14th Amendment Equal Protection and Due Process

What is the state’s reasoning for the need for sex offenders to register and the community be notified of their existence in the community? Primarily the state has said that sex offenders have a high possibility of re-offending, meaning that they have low impulse control or in simple terms that they are mentally ill and cannot control themselves and are thereby a danger to the community. The high re-offense rate that is cited as the rationale for the laws has been proven time and again to not exist except in the minds of the self-righteous advocates who do not see the victims that they are creating, and the professional organization and lobbyists who are only in it for the money. These looters of society fail to recognize that their actions are taking away the constitutional rights of all Americans, in order to satisfy their own personal hate and greed.

Even the mentally ill have more rights than sex offenders. Before a mentally ill person can be committed they must have their day in court because of the stigmatizing effect of being called a mentally ill person. They have constitutionally protected rights under due process, the determination whether a person is dangerous beyond reasonable doubt must focus on his or her condition at the time of the commitment hearing. A person’s actions and statements which occurred prior to the commitment hearing are probative as to his present mental condition, but mere recitation of past acts in the absence of a showing that such clearly forms a foundation for a prediction of future dangerousness cannot serve as a basis for finding that one is a mentally ill person who is dangerous to himself or others.

In the case of a person at liberty in the community who has proposed to be involuntary committed it is imperative that the need for his confinement be demonstrated by clear and convincing evidence of a real and present danger which he poses to himself or to others. Moreover, it is essential that the evidence which forms the basis of the decision to deprive a citizen of his liberty be more concrete. More and more reliable than the mere expectation or probability that the person will engage in dangerous behavior in the future further the federal courts have provided that no person should be committed or recommitted unless there is a finding of recent over acts of the individual evidencing danger to himself or others and that the necessity for commitment or re-commitment must be proved by evidence which is clear, unequivocal and convincing allows the need for re-commitment to be established by the evidence providing some factual basis to support the need for re-commitment.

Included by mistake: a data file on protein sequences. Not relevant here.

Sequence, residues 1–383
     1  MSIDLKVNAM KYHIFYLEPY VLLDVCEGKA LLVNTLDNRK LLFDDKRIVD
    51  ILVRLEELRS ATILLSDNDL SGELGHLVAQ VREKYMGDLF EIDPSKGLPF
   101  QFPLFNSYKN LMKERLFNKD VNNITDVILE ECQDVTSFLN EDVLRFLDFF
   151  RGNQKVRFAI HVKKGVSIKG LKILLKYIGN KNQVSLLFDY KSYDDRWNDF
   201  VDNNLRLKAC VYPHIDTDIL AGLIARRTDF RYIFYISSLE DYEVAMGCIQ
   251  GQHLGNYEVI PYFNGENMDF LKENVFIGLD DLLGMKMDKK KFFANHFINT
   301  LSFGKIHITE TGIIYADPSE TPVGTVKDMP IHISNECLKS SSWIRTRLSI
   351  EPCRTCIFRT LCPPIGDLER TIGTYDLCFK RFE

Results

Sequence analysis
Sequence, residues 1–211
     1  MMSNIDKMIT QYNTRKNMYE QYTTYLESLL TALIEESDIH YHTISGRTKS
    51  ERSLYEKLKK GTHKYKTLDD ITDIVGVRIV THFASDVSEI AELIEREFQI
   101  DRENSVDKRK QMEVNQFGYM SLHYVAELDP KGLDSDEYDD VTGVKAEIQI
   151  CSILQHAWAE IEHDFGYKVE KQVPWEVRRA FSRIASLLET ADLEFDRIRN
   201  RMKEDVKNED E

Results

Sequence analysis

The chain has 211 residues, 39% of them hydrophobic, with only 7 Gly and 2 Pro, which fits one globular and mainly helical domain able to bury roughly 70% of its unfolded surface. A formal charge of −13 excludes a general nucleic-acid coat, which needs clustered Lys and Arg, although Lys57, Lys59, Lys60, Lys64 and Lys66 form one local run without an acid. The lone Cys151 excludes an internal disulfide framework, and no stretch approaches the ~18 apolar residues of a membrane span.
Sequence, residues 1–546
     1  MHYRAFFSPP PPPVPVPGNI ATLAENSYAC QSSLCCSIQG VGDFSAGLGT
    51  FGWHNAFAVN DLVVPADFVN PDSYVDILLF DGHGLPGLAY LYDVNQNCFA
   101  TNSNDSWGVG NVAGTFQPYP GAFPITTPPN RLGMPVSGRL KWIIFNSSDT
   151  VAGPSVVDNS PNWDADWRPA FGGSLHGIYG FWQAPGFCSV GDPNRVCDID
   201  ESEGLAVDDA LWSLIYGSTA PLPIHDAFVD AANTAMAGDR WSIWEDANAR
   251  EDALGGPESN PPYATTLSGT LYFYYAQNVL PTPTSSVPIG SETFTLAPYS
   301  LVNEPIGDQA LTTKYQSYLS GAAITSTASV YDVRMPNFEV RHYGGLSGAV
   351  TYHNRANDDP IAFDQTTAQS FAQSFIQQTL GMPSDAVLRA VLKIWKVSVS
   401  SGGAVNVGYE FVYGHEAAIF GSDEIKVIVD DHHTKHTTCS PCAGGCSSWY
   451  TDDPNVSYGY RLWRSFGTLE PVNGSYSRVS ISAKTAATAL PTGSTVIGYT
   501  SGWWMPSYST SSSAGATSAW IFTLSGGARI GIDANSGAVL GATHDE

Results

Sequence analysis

And finally the courts have said that conclusions based on conjecture as to whether an appellate poses a danger to others are insufficient. Further more the United States Supreme Court has stated “none of our decisions hold that a conviction for a crime entitles the state not only to confine the convicted person but also to determine that that person has a mental illness … such consequences visited on the prisoner are qualitatively different from the punishment characteristically suffered by a person convicted of a crime”. While a criminal conviction and sentence of imprisonment extinguish an individuals right to freedom from confinement for the term of his sentence, they do not authorize the state to classify him as mentally ill.

If sex offenders have a mental deficiency or have a mental illness then they are entitled to due process before having their names placed on a public list or having to register. If we do not then what is the rational basis for the law? Quite obviously there is NOT a high reoffend rate that proponents of the registry have lied about to legislative and judicial branches of the government, either for their own personal gain or for revenge.

Another point must be made that all sex offenders fall into the classification of felons and felons are a group or classification. The question is, are sex offenders being treated the same as all other felons, do other felons have to register or have the community notified of their presence after they have completed their sentence, are they being denied state and government services, are other felons restricted where they can live, work and recreate? The courts have found that a distinction among members of the class of offenders is irrational regardless of the importance of public safety consideration underlying the regulations or relevance of prior convictions simply discerning any regulatory reason, however plausible, will not serve to satisfy the rational basis requirement of equal protection; relevant inquiry more properly focuses on whether the means utilized to carry out the regulatory purpose substantially furthers that end. And the regulation will be considered vague and overbroad if it gives no consideration to the nature, circumstances and seriousness of the crime, the time elapsed since the conviction or the degree of the misdemeanants rehabilitation. In so far as regulations discriminating irrationally among classes of ex-offenders violate the equal protection clause of the 14th amendment and will not stand.